Goodbye iTunes: What We Learned from an 18-Year Era

First off, I’m old. Old enough to remember buying a CD player when they first came out and were only slightly smaller than today’s microwaves. Secondly, I am a total Mac geek. I played games on an Apple IIe, I owned an iPod. I’m writing this on a MacBook Air. Lastly, I’m a control freak – well at least when it came to my music.

So when iTunes came out in 2001, it was like the perfect storm for making my life easier. I wasn’t the only one. The music industry was in turmoil. They were going after people stealing their product. They were losing control. Something had to be done – well, other than prosecuting your audience into submission.

Then along came this moody guy in a black turtleneck and everything changed.

Newsweek Cover: Steve Jobs, iPod, iTunes

The rest of this story is now, as they say, history.  Apple’s recent announcement to end the iTunes era is now the latest chapter. As a creative, I can’t help but reflect on the things this time taught me about digital, and really all marketing. Here are just a few.

Don’t innovate. Invent.

If Steve Jobs wanted to innovate, we’d all be walking around with the world’s most intuitive portable CD player. He wanted to do more – so much more. He didn’t want to change the game. He wanted to introduce the world to a completely different sport. He chose to do so much more than innovate.

In a Daenerys Targaryen, Game of Thrones way, he came to break the wheel. With 25 Billion songs sold in the first 10 years, we all were looking at one busted up wheel. Don’t believe me? Jump on Google Maps and try finding a Tower Records.

There’s no such thing as too late.

During one of his famous Macworld speeches, Jobs said, “We’re late to this party, and we’re about to do a leapfrog.”

He didn’t care about the current technology. MP3 technology was out there, and there were even some MP3 players available, but that was not his priority. He cared about the current climate. He believed the solutions on the market were lacking. I’m sure he would have been much more pointed with his remarks but for today, let’s go with lacking. He didn’t let the competition scare him off. He didn’t care that he was late to the game, because he was going to change the game.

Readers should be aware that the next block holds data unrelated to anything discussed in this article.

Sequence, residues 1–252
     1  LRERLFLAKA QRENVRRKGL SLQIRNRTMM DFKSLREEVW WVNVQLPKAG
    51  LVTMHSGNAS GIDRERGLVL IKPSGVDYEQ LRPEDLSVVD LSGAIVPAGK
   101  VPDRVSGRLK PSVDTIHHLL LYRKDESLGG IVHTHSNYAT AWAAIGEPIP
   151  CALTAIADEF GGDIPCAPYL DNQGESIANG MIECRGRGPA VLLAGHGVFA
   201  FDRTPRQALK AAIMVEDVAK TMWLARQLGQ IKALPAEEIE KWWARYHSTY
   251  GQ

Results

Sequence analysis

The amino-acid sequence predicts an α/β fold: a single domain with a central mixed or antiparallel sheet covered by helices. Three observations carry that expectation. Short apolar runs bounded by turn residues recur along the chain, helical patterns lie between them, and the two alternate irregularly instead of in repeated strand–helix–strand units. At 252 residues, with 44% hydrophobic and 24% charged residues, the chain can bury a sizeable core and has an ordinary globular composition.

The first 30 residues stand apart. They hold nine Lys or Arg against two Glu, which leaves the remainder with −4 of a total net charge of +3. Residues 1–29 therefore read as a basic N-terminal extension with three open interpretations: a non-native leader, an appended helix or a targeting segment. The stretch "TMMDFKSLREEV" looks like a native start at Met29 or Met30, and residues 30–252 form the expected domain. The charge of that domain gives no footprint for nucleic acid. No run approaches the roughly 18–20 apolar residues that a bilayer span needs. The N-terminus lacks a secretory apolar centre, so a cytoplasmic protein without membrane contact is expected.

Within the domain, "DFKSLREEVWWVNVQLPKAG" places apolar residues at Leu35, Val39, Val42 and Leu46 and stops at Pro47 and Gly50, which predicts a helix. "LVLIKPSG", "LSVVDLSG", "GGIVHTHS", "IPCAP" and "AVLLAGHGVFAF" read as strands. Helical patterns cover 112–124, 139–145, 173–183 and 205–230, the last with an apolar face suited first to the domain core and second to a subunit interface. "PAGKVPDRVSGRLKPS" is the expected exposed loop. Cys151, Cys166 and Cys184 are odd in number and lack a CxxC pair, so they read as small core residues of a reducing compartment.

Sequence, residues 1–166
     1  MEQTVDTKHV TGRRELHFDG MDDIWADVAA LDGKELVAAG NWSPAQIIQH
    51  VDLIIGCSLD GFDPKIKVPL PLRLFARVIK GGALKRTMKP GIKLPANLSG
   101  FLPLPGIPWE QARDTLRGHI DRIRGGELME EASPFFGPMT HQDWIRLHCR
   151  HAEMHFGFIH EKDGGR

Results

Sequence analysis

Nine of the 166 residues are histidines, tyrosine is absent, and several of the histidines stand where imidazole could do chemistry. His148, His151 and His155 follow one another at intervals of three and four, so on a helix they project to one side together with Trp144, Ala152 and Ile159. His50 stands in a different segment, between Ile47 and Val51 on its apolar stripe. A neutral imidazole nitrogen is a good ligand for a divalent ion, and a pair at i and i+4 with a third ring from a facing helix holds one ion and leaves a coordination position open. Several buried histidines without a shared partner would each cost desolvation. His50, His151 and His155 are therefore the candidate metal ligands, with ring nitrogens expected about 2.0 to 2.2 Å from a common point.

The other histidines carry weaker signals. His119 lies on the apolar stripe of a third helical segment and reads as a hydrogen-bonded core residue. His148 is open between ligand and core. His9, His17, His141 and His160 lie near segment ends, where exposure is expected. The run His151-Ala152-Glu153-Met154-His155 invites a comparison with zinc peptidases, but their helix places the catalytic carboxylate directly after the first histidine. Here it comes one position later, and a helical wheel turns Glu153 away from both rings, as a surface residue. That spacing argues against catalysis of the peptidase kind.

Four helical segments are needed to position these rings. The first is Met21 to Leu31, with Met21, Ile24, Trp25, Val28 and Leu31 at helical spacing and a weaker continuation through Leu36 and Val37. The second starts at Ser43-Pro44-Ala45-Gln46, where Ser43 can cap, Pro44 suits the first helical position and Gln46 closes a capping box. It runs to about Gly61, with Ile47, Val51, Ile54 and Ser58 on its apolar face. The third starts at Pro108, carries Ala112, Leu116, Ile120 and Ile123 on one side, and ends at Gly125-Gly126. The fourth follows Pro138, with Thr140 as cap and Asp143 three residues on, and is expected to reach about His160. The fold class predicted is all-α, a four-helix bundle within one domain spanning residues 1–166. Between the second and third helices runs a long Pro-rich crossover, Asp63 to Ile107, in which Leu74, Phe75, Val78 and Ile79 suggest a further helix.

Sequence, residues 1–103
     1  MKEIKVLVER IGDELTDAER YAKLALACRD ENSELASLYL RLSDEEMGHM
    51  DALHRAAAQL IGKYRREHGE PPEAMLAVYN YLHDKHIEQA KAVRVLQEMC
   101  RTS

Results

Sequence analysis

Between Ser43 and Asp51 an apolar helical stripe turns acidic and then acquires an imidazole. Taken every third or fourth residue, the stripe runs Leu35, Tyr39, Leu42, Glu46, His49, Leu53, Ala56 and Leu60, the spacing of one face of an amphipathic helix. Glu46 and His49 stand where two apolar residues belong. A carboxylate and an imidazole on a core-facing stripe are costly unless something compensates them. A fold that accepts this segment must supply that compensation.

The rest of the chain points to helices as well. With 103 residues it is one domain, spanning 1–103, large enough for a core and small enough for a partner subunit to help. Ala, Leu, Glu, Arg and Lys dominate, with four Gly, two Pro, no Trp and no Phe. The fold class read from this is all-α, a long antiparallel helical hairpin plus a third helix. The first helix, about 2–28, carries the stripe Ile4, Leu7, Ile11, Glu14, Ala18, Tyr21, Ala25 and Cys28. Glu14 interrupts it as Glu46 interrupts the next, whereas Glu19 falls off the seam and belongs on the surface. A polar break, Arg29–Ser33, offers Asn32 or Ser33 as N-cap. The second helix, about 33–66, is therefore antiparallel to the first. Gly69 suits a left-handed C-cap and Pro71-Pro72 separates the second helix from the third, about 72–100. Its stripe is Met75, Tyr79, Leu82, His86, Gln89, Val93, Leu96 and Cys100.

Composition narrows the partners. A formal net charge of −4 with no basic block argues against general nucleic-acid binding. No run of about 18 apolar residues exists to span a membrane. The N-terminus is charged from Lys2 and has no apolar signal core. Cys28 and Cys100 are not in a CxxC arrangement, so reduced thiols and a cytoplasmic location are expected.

Don’t have a pronoun problem.

The music industry was thinking about themselves. They were all “we” and not “they.”

  • “What are we going to do?”
  • “How can we keep our product from getting pirated?”
  • We have slim margins, how will this change our business model.”

Steve Jobs was thinking about the customer – even more significantly, the climate. It wasn’t about money. At least not at this point. It was about a movement. It was about a public revolt. Again, Jobs from Macworld, “There is a music revolution happening right now.”

I think Steve Jobs and Daenerys Targaryen would have made excellent bowling partners.

Anyway, Steve was all “they.”

“How can they easily buy music without having to break the law.”

He thought of the user first. It seems painfully obvious, but an entire industry missed it.

Once they’ve bought, stop selling.

In the pursuit of staying current – or in the pursuit of more money – iTunes sacrificed simplicity. What was once a hub for all your music, became a trojan horse app to get you to buy more music.

Ping was supposed to be a social network for music, it pushed you to buy more music.

Sidebar was supposed to help you better organize your music, it pushed you to buy more music.

iTunes Match was supposed to – well you get the idea. And with all these so-called improvements came complexity.

A more talented writer than myself once told me, “The most important part about writing is knowing when to stop.” The same goes for digital content. Don’t continue to bolt on newness to keep going after the money. You’ll lose your simplicity. Make something entirely new and keep that simple.

So there you have it.

Jobs changed Apple. iTunes changed the way we used media. We changed, and Apple couldn’t keep up – although their new streaming service is gaining market share on Spotify, so you never know. Maybe Apple will “do a leapfrog” again. And if it does, the moody guy in the black turtleneck will surely be looking down, smiling.